Characterization of Material Properties Under Finite Strain Using an Optical Method of Measurement

Paulo L. K. Paes, Antonio C. B. Guimarães Neto, Jakson M. Vassoler, Eduardo A. Fancello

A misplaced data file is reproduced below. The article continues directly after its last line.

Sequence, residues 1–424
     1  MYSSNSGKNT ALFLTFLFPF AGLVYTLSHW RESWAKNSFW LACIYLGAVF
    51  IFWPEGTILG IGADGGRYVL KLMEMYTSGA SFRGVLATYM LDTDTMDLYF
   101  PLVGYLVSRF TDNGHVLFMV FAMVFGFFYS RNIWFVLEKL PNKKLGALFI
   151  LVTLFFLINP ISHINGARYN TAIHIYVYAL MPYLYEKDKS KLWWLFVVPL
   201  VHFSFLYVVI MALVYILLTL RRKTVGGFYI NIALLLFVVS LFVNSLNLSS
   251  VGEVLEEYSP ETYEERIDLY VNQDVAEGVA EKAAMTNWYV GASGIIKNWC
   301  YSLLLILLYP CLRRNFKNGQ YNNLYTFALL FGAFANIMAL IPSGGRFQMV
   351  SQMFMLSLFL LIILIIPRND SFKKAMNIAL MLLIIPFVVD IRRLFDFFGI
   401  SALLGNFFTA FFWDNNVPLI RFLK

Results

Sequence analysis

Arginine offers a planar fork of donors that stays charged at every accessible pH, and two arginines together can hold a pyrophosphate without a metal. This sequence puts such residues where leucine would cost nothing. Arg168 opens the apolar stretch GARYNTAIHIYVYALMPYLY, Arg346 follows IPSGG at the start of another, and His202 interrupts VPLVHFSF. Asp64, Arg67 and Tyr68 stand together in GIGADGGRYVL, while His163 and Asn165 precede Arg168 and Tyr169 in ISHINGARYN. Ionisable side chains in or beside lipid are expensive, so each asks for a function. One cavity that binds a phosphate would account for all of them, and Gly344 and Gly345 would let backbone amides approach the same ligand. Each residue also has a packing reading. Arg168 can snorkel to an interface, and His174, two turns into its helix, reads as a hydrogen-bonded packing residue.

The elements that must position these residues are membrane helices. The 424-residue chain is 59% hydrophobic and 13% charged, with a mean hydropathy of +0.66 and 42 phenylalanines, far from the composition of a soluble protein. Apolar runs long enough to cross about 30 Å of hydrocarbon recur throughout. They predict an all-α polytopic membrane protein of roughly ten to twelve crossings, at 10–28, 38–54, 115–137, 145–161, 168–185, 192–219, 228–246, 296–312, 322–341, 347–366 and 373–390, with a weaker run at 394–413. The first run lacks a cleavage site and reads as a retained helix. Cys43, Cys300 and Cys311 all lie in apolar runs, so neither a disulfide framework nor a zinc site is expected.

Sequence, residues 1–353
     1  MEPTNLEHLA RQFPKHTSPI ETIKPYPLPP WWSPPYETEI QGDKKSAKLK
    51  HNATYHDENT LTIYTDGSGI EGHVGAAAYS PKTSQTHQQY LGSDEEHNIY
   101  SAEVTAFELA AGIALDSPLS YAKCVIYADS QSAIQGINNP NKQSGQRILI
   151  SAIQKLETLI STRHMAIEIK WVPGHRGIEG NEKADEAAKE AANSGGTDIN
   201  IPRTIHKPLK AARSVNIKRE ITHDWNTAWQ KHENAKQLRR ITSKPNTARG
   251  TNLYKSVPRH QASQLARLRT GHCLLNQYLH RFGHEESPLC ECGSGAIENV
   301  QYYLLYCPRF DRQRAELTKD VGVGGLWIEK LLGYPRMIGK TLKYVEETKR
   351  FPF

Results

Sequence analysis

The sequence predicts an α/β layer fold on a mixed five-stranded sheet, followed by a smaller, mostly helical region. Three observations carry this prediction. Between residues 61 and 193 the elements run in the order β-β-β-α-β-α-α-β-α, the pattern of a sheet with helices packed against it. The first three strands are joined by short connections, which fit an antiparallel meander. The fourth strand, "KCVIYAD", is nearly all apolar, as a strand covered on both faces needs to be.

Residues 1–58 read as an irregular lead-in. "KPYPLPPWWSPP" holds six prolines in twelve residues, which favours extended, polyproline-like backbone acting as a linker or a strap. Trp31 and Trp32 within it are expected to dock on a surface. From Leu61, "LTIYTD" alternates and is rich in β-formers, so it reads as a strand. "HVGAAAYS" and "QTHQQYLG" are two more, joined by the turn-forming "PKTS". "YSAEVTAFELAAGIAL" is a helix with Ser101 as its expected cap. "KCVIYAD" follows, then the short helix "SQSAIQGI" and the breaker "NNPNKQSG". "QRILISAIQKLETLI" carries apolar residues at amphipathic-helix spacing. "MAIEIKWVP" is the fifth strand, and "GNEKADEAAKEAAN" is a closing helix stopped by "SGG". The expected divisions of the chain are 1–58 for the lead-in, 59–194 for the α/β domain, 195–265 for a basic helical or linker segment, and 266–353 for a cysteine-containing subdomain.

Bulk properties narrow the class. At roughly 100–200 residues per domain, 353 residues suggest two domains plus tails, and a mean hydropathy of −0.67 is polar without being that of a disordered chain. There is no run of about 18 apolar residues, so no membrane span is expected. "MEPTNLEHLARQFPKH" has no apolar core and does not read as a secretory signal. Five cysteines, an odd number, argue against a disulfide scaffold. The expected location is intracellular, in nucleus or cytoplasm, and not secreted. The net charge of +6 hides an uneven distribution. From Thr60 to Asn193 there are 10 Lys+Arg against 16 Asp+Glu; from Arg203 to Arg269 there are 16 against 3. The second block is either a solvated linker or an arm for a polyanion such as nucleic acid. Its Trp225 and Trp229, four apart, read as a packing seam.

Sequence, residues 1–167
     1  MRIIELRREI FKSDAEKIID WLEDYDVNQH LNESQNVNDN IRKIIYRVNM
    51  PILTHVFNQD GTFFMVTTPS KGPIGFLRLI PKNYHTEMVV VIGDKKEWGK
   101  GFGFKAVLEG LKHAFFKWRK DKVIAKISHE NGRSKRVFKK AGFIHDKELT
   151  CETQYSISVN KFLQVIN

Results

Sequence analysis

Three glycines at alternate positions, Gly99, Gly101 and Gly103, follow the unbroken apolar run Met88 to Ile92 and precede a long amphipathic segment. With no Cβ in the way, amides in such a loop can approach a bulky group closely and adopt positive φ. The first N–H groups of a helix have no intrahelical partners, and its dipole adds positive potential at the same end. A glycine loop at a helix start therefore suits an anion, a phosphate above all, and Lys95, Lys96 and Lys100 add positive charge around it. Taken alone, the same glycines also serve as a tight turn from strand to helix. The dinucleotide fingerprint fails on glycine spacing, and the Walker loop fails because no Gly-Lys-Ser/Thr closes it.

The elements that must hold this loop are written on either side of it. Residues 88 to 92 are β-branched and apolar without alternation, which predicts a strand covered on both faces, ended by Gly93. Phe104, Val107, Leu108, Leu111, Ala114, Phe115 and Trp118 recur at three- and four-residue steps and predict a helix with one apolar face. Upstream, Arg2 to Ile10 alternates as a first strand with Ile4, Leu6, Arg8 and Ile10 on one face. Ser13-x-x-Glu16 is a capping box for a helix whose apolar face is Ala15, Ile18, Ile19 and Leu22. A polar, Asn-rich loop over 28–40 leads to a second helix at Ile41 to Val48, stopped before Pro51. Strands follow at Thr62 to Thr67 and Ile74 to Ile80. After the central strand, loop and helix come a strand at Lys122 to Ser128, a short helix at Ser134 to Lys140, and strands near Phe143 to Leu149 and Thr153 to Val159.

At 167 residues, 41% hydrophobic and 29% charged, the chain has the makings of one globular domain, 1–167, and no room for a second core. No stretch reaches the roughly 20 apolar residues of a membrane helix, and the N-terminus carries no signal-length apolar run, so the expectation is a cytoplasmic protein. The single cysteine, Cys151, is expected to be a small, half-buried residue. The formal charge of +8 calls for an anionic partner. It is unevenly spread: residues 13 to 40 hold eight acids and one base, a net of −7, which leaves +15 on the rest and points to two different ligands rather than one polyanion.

Numerical simulations need a constitutive model suitable to represent the mechanical behavior of the materials. The material parameters for the model are obtained by means of a parametric identification procedure using data acquired in experimental tests and numeric simulation of the discretized specimen. Non-linear materials, like polymers, present a localized heterogeneous displacement fields under finite strain and then the use of non-contact measurement techniques are the most appropriated. The optical method Digital Image Correlation (DIC) has been demonstrated great acceptability in the material characterization due its capability to measure the entire displacement field over the specimen. The experimental data provided by the testing machine and the DIC method provide useful data for the parametric identification procedure of nonlinear materials under finite strain. A cost function of the minimization problem was constructed based on the weighted least squares of the differences between the experimental and numeric data. The cost function has a multi-objective characteristic since it relates experimental and numerical data of different quantity and magnitudes, i.e., forces and displacements. This work presents a characterization of the material parameters of the polymer Polyvinyl chloride (PVC). The material showed localized heterogeneous strain fields, where the DIC method was capable to obtain information regarding the mechanical behavior of necking to be used in the parametric identification. From the results of the sensibility analysis of this material only the experimental force obtained from a uniaxial test is not enough to find the material parameters, since that different combinations of the parameters can result in a numerical force equivalent to the experimental force but quite different with regard to the experimental and numerical transverse displacement.

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